Prefinished countertops must be attached with screws from below. Attach the countertop by driving Р/4-in.-long screws up through the 1x mounting blocks installed by the cabinet manufacturer (see the illustration on the fac­ing page). Predrill a screw hole through the mounting blocks, but be very careful not to drill or drive the screws so deeply that you break through the finish surface. It’s easy to strip a screw driven into a countertop’s particleboard or MDF substrate, so don’t try to drive installation screws extra tight. Complete the job by running a neat bead of silicone caulk between the back – splash and the wall.


The old house I grew up in had full 1×12 base­boards. In our part of the country, they were called mopboards. In those days, people used big mops to clean their floors with soap and water. The baseboard not only covered the joint between the plaster and the floor but also pro­tected the walls from being banged by the mop.

Today, baseboard trim is made from real or manufactured wood, and there are many styles available. In the last Habitat house we built here on the coast, we used 1×4 baseboards made of preprimed MDF. Once it was installed and painted, it looked great, but it was so solid that you could hardly drive a nail through it by hand.

Подпись:ATTACHING A COUNTERTOP TO A. BASE CABINETIn other houses, we have used 3-in.-wide trim that’s about 3/8 in. thick at the bottom and slopes up to a slender top edge. The thin edge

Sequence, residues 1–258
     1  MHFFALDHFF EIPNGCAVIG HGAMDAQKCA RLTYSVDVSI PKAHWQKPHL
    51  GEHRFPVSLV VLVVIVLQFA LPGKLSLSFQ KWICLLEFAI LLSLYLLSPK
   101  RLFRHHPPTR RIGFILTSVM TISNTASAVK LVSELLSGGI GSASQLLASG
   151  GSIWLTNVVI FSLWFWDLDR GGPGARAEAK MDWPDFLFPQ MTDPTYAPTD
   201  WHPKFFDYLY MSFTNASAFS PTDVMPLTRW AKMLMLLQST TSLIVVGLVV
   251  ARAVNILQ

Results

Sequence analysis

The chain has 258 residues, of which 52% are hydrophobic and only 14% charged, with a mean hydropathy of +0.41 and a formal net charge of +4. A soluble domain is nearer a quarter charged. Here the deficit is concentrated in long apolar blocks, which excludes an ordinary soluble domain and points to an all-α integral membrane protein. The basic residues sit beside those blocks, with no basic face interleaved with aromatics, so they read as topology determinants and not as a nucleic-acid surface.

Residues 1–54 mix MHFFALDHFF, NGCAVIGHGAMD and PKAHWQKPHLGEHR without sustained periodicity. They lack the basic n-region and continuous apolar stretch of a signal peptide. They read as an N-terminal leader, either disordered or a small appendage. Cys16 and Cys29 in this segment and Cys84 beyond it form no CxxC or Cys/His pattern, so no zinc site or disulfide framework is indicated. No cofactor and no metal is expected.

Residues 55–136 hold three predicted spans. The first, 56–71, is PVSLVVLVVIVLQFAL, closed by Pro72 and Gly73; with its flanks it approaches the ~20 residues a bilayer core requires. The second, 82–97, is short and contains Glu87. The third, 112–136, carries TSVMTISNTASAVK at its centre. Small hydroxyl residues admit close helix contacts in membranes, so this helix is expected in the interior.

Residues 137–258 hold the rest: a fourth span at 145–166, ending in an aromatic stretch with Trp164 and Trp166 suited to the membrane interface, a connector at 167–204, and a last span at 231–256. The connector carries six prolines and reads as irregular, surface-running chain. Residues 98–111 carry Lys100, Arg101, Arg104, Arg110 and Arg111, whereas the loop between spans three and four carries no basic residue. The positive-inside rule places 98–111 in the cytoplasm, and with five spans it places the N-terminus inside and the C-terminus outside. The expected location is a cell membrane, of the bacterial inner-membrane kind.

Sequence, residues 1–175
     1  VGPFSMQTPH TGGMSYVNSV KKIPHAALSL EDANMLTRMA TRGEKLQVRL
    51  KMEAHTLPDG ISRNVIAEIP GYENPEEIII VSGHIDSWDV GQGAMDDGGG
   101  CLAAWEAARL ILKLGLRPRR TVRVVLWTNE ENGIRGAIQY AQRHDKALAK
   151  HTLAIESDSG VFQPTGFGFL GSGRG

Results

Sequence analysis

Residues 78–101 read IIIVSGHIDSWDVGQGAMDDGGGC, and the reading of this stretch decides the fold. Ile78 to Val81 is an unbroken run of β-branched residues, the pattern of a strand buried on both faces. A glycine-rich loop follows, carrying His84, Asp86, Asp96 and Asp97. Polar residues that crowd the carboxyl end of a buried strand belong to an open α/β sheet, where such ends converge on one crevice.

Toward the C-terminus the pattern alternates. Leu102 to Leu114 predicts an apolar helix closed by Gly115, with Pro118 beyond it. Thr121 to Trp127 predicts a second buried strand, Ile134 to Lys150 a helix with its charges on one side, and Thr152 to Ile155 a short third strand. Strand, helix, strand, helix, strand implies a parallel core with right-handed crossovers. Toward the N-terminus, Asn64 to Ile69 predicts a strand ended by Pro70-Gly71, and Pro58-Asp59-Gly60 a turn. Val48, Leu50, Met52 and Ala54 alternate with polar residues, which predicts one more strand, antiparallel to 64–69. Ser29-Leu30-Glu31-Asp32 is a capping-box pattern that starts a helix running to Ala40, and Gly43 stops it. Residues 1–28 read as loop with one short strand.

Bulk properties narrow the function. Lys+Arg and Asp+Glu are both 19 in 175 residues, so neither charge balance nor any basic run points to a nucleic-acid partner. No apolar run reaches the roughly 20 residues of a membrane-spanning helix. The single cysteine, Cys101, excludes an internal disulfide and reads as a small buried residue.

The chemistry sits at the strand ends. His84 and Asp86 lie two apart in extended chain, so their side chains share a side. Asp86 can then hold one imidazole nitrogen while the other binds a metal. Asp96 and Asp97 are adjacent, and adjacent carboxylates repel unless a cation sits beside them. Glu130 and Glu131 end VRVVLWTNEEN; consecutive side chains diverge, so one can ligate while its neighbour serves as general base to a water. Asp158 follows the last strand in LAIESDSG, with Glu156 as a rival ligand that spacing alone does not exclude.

Подпись:Подпись: Short trim splits easily. Short pieces of trim must be predrilled so nails won't split them. If a short piece of trim fits snugly in place, you can simply glue it without using nails. Подпись: Inside baseboard corners are coped. The coped cut fits the profile of the trim piece that runs into the corner. [Photo © The Taunton Press, Inc.]

makes it harder for dust to collect on the top. Baseboards still cover the joint between the drywall and the floor and keep the wall from getting banged by a vacuum cleaner. Order long stock from the supplier so you can eliminate joints on most walls.

Install the baseboard trim

Before installing baseboards, use a putty knife first to clean any excess joint compound from the corners. Then clearly mark (or re-mark) the location of the studs on the floor. If the gap between the bottom edge of the drywall and the floor is greater than 1 in., take the time to fill it with strips of ‘/i-in.-thick OSB or plywood. Otherwise, the bottom part of the trim can easily be canted inward during installation. If you’ll be nailing the baseboard by hand, protect your knees with a pair of kneepads.

Paint-grade MDF is a material commonly used in baseboard and door trim. It is not advis­able to use this material in bathrooms, kitchens, or laundry rooms. MDF absorbs water easily, caus­ing it to expand. It will then have to be replaced.

Right-handed people generally prefer to install baseboard counterclockwise (right to left), starting at a door. This makes it easier for righties to cut a coped joint. Lefties tend to install baseboard clockwise for the same reason. Set baseboard right on vinyl or wood flooring, but hold it up about Vi in. if you plan to install carpeting later so that you can slip the carpet under it. When working in rooms that will later be carpeted, use small blocks of OSB as tem­porary supports under baseboards as you nail them to the wall.